Measureing the ROI in CoachingThu 08 Sep 2016
Measuring the impact of coaching is a necessary element of any coaching assignment, and crucial in gathering data to demonstrate its value and impact as the profession matures.
It doesn't matter if you are hiring an executive coach or hiring a business coach. Measuring ROI is critical. This article will focus on Executive Coaching for small to medium sized business. (Most large businesses already have coaching awarness).
You wouldn't buy an investment without looking at the return on investment (ROI). Yet the ROI on coaching is often subjective or hard to measure.
With persistence and collaboration models have been developed. The topic has been explored and we like to share one model with understandng how we can measure ROI on Coaching.
Coaching can have a huge ROI and here are 5 separate levels or area's which may measured.
1. Reaction. Measures participant satisfaction and captures planned actions.
2. Learning. Measures changes in knowledge, skills and attitudes.
3. Implementation. Measures changes in on-the-job behaviour or actions.
4. Business Impact. Measures changes in business impact variables.
5. ROI. Return On Investment. Compares benefits to cost.
Another way to think about these 5 levels is:
1. â€œDid you like the session?â€ e.g. satisfaction survey, feedback.
2. â€œDid you learn anything?â€ e.g. test of objectives.
3. â€œYouâ€™ve learnt the concept, but what are you doing differently back on the job as a result?â€ e.g. mini-survey, 360 assessment.
4. â€œWas there any change in business impact resulting from the coaching?â€ e.g. changes in variables such as quicker/faster/better delivery.
5. â€œHow do the benefits/(or saved costs) of the coaching compare with the cost?â€ e.g. sales targets hit and exceeded by 15%, executives retained, cost of replacing an executive. Possible ways to present could be confirmed ROI to date, ROI between xxx% to xxx% for year 1, expect to grow to xxx% to xxx% over the next 2 years.
Tip for those engaging coaches:
Itâ€™s a good idea to deploy some kind of feedback form or survey after the first or second month of coaching rather than at end of the engagement. Especially if the Coachee is not completely confident or compatible with the coach, new to coaching or any potential issues as it is at this early point that things can easily be adjusted. A good Executive Coach will have but may not necessarily use feedback and assessment forms.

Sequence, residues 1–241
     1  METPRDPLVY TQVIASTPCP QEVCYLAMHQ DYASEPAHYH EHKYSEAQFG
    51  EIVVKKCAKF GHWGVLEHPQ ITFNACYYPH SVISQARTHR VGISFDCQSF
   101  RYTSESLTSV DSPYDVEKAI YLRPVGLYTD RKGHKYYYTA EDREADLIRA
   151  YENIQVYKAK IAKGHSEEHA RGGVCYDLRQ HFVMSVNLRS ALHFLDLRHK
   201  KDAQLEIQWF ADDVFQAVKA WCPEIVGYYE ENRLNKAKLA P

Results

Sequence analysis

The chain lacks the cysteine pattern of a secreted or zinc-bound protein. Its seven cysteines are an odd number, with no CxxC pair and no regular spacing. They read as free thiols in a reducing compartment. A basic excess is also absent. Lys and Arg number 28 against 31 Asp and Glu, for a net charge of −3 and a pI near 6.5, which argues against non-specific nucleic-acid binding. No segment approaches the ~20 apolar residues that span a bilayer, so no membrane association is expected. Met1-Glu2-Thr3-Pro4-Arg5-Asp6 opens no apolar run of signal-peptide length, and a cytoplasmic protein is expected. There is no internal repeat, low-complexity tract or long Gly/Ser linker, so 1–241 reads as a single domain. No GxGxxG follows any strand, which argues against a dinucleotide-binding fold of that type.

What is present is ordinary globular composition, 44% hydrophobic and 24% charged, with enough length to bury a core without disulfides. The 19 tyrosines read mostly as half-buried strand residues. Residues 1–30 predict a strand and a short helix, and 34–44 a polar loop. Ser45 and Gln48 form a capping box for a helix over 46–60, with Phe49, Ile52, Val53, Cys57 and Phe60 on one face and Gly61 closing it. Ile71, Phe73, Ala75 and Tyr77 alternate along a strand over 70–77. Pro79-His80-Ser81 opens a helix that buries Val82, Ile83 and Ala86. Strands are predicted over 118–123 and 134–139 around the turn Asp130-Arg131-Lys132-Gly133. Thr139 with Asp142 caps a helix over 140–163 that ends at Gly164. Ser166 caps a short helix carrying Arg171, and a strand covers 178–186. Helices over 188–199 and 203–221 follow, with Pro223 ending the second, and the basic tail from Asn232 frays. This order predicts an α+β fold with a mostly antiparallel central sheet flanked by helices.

Remember ROI is paramount for continued engagements and coaching success.
Tip for coaches:
Start ALL coaching engagements with specific questions, check list, survery or something to take a measurement from before starting your coaching. If possible, ask to involve other parties around the Coachee to assist in some basic measurements. Secondly, ensure in this process clear goals/agendas/direction is set out. Itâ€™s great if your Coachee sayâ€™s your great. The clearer the results, the easier for all involved to validate their investments in hiring you.
Wouldn't it be great to have your Executive Coaching contracts to end with your clients expressing something like:
The Coaching engagement resulted in achieving 4 of 4 targets during the engagement. Plus we experienced a measured ROI of 300-500% by the end of the engagement. Next year we predict that ROI to grow to 500-800%. We look forward to more success.
Wealth Beliefs & ParentingTue 19 Jul 2016
Reading a very interesting book on wealth and love to share an overview about families and wealth.
They believe the more dollars you give to adult children, the fewer dollars these children accumulate (a statistically proved relationship).
Here are the rules they more or less live by in dealing with their offspring:
-Never tell your kids you are wealthy. -Teach your children discipline and frugality. -Minimize discussion on what your kids will inherit.
-Never give cash or significant gifts as part of a negotiation.
-Stay out of your adult children's' family matters.
-Emphasize their achievements.. .not your success.
-Assure them many things are more valuable than money.
Millionaires also encourage their children to become self-employed professionals such as doctors, attorneys, engineers, architects, accountants and dentists. They believe only a small number of professional people fail to make a profit any given year and they earn more than the average for small businesses. "You can lose your business, but not your intellect," they say. Most own their own business because they believe self-employment is less risky than working for another.
Very Interesting points. What are your thoughts?More